|Pakistan's commercial center and largest city is a
sprawling place of bazaars, hi-tech electronic shops, scurf-infested older buildings and modish new
hotels. Its sights are spread far and wide, so a taxi or rickshaw is necessary
to travel between them. A good place to start is the Quaid-i-Azam Mausoleum, a
monument to Pakistan's founder Mohammed Ali Jinnah, which can be charitably
described as distinctive. More impressive is the remarkable white-marbled
Defence Housing Society Mosque. The single dome, claimed to be the largest of
its kind in the world, will make your gum cleave to the roof of your
Other sights include the Holy Trinity Cathedral and St. Andrew's
Church (both good examples of Anglo-Indian architecture), the city's zoo, and
the Zoroastrian Towers of Silence, hills where the dead are traditionally
exposed to vultures. South of the city is Clifton, a former British hangout and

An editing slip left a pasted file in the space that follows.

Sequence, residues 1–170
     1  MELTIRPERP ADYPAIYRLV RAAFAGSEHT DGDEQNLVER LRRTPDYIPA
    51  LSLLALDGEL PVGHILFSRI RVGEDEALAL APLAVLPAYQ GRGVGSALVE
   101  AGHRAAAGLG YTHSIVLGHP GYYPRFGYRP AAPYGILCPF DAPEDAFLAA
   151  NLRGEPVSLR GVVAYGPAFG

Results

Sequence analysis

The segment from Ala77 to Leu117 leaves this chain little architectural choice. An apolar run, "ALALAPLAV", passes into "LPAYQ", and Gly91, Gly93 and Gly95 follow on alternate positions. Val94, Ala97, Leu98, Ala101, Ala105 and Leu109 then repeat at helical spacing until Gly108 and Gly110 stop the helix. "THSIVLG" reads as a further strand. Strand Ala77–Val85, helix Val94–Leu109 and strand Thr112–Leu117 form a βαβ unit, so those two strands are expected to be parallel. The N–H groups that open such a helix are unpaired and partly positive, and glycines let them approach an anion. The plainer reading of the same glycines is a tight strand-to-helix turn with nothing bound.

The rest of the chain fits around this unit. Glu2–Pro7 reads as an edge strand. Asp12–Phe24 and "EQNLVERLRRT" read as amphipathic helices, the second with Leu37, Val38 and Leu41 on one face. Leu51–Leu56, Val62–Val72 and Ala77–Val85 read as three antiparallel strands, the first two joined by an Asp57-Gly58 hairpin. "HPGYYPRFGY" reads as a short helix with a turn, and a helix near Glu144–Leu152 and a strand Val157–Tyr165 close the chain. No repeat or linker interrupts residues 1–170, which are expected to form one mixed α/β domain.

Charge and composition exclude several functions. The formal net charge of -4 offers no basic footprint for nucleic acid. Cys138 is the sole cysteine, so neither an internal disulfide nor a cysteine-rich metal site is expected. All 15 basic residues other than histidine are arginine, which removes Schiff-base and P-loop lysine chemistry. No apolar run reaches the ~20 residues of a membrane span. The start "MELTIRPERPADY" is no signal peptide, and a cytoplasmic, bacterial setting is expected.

now an exclusive coastal corner for the local wealthy, the popular but rather
drab Clifton Beach, and Manora Island, a less-crowded beach resort.
Saddar, the city centre, is the main shopping area with
thriving markets selling carpets, fur coats, leather jackets, snakeskin purses,
silk scarves and the country's biggest range of handicrafts. It also has a
number of food stalls and cheap restaurants and the majority of budget hotels.
Nightlife in Karachi is an oxymoron.
If travel outside of Karachi is
possible, then the archaeological site of Moenjodaro - once a city of an Indus
Valley civilization - and the Chaukundi tombs are well worth a
Being the commercial and unofficial capital of Pakistan, flights
in and out of Karachi are numerous but it's worth checking the ETA of your